NHA kicked off our fall events season with the 5th Annual Flood Control Breakfast on August 31st, 2022. As no stranger to the topic of flood control, the Association began this event on the actual day Hurricane Harvey struck the region 5 years ago. The Shirley Acres venue, being on the bank of Cypress Creek, flooded completely along with over 100 thousand homes. Seeing just how touched the location and our audience was by the largest recorded rain event in US history, we created a tradition of hosting the experts in the region to discuss what could be done to prepare if a storm like that were to ever hit again.

This year’s guest speakers were Harris County Flood Control District’s, Dr. Tina Petersen, P.E., IDS Engineering Group’s, Tim Buscha, San Jacinto River Authority’s, Jace Houston, and Allen Boone Humphries Robinson LLP’s, Alia Vinson as moderator.

The program began with Dr. Petersen, Director of Harris County Flood Control District, giving an update on the status of current projects that the district has begun in North Houston since Hurricane Harvey. In 2018, the Harris County voters approved a $2.5 billion bond program to invest equitably to reduce Harris County’s flood risk by executing over 230 regional flood control projects in all of Harris County’s 23 watersheds. According to Petersen, 229 have already been completed and many more have begun.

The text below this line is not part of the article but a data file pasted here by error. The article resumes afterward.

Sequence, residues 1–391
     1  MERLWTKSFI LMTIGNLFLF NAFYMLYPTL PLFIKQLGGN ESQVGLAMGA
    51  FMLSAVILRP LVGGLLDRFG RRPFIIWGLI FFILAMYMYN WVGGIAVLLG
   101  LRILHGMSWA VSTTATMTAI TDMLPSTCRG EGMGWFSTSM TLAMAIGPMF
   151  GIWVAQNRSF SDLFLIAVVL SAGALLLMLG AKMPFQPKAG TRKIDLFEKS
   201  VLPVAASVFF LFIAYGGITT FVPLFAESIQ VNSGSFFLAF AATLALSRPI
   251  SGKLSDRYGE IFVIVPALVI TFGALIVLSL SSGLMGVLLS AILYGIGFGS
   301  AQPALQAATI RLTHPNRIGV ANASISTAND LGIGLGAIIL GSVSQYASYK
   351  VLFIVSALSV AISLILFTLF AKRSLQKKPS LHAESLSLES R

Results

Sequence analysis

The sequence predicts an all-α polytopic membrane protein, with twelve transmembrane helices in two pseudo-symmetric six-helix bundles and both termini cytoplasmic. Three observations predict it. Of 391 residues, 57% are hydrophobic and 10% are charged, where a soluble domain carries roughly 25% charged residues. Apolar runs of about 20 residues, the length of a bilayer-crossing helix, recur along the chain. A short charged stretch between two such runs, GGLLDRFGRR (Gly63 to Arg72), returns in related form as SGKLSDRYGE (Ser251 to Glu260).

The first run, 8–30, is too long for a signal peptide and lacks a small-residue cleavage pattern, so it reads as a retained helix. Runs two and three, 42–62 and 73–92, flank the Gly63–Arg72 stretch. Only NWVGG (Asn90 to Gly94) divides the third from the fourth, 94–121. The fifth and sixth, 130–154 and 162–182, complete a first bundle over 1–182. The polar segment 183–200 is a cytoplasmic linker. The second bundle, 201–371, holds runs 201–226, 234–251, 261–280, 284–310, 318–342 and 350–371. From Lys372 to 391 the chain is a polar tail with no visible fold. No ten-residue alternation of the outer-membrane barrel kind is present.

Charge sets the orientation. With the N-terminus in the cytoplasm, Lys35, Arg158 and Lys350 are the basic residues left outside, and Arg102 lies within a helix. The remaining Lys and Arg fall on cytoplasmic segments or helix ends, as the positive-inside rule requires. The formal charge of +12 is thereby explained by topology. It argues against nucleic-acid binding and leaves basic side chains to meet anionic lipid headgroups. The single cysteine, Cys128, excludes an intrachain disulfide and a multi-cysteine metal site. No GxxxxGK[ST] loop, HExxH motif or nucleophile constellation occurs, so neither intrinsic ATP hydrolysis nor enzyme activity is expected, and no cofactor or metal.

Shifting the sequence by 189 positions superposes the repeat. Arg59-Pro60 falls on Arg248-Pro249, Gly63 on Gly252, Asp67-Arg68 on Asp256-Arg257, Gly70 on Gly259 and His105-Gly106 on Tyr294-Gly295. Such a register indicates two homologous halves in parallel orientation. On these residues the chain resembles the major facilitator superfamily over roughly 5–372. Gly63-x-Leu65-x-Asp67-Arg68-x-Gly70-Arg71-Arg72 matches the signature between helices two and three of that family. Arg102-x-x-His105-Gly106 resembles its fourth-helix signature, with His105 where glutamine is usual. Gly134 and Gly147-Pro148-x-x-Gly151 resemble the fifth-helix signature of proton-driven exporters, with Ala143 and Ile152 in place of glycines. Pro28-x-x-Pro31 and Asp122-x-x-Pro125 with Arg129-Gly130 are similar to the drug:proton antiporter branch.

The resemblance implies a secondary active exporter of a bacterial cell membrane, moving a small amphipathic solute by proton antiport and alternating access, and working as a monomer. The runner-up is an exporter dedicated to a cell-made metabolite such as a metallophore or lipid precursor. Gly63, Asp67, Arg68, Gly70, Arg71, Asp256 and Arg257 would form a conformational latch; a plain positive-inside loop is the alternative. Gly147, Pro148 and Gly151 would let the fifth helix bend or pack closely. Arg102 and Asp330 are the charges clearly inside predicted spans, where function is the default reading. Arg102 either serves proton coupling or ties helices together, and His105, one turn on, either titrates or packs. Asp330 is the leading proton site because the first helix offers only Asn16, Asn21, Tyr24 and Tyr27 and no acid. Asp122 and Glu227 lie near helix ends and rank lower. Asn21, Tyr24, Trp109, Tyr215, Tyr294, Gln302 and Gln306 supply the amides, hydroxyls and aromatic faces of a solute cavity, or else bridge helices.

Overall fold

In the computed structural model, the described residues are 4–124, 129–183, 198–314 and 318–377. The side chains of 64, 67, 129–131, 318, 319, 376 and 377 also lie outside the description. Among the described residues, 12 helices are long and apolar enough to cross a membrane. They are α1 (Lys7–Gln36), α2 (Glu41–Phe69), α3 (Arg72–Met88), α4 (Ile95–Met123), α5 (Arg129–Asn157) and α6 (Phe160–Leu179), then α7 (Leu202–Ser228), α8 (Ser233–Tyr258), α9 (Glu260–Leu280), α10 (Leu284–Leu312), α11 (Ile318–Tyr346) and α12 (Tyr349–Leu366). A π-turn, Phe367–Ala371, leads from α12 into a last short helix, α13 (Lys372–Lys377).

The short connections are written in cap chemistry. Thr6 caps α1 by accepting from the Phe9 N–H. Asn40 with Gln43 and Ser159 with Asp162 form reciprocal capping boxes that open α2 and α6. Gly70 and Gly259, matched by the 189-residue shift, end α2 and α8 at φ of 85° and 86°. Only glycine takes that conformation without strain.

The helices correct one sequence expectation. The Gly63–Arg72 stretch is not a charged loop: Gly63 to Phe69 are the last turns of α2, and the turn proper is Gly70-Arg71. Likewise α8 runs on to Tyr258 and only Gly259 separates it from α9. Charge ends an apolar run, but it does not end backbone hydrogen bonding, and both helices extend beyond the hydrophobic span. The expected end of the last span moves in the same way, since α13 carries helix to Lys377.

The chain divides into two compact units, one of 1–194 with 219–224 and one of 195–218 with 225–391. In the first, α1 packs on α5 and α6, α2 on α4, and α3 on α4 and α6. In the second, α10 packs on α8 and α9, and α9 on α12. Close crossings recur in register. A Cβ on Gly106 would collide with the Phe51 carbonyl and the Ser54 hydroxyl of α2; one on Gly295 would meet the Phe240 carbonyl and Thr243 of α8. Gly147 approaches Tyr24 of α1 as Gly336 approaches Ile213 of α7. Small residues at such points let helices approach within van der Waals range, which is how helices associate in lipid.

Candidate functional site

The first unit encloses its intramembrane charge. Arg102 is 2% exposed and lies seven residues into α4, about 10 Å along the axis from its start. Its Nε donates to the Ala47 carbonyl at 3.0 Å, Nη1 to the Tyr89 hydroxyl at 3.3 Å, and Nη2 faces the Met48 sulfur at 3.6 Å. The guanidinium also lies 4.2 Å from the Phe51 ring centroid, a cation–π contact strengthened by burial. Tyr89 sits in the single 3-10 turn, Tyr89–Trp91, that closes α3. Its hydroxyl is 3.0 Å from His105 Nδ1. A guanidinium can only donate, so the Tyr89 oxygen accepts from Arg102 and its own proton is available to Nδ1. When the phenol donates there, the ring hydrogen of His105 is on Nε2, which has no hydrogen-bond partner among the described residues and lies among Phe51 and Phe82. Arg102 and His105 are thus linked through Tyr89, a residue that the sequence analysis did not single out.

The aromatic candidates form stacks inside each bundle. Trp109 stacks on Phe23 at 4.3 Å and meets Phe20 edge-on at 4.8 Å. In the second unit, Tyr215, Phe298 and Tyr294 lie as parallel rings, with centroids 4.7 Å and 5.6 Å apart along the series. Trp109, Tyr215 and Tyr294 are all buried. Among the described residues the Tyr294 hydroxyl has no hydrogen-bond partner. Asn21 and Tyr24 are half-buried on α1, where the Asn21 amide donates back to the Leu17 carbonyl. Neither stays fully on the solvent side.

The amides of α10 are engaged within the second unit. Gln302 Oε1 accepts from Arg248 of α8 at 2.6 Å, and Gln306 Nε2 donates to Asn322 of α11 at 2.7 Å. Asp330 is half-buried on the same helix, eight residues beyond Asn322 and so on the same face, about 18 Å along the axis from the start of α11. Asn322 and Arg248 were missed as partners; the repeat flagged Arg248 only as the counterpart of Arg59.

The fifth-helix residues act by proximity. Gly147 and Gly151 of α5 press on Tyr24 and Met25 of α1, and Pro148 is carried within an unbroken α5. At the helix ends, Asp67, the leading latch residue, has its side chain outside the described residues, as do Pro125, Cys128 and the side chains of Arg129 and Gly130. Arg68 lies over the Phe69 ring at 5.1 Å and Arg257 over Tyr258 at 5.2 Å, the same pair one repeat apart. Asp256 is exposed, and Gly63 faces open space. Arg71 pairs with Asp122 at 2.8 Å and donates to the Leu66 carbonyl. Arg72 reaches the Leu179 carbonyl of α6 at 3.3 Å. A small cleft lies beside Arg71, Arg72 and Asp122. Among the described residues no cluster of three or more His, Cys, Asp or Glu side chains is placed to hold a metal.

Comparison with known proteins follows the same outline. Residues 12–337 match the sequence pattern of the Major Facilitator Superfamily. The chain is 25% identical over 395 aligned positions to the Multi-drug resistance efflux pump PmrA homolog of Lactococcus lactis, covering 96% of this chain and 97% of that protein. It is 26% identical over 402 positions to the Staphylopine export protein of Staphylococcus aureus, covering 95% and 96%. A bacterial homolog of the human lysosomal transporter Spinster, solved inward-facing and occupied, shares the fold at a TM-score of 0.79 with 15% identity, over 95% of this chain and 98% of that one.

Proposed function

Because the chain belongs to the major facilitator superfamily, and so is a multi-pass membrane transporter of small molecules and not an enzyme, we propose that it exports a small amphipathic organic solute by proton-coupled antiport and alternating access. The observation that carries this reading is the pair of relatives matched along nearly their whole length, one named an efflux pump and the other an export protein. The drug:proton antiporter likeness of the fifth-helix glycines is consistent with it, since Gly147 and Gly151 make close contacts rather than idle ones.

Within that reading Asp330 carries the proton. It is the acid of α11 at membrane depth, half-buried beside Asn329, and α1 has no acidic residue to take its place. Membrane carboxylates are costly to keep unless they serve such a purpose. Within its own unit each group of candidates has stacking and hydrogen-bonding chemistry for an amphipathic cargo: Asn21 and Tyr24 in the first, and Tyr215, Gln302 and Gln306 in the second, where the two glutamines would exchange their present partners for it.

The next speaker was Tim Buscha, Chair of the San Jacinto Regional Flood Planning Group’s (RFPG) Region 6. The Region 6 RFPG was established in October of 2020 to develop a regional flood plan for the second most populated flood planning region including Brazoria, Chambers, Fort Bend, Galveston, Grimes, Harris, Liberty, Montgomery, San Jacinto, Walker, and Waller Counties. Their draft plan has been submitted to be finalized in January of 2023 with just over 470 projects identified and $31 billion in financial need.  

Last to present was Jace Houston, General Manager of the San Jacinto River Authority. He stressed the importance of partnerships in order to advance flood management projects because as we know flooding doesn’t respect city or county boundaries. Through partnerships with 8 regional entities, the Authority received $1.375 million in local match to the $2.8 million already received from the Texas Water Development Board’s Flood Infrastructure Funds (FIF).

Thanks so much to all who joined us for this wonderful panel and especially to our sponsors. We appreciate all of your support and couldn’t continue our mission to connect if it weren’t for you all.